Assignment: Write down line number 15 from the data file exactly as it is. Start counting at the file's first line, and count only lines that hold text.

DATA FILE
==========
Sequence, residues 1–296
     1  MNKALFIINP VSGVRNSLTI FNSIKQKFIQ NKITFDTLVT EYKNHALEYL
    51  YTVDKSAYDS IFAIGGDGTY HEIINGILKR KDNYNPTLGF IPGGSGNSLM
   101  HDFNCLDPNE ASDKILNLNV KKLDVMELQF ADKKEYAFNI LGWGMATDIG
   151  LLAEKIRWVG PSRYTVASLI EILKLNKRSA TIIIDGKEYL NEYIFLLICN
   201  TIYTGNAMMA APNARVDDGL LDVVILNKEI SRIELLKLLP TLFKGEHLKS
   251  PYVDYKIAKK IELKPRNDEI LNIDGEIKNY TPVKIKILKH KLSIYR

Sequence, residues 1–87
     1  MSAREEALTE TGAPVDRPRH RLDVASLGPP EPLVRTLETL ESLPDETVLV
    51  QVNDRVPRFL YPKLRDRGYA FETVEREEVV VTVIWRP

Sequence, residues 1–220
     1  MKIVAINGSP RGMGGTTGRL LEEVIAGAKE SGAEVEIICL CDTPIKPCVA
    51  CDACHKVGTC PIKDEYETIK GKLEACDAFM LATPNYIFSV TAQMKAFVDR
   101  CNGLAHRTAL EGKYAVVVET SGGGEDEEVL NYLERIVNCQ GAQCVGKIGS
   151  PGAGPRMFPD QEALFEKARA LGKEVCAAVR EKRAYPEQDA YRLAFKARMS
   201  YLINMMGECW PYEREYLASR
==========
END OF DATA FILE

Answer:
   151  PGAGPRMFPD QEALFEKARA LGKEVCAAVR EKRAYPEQDA YRLAFKARMS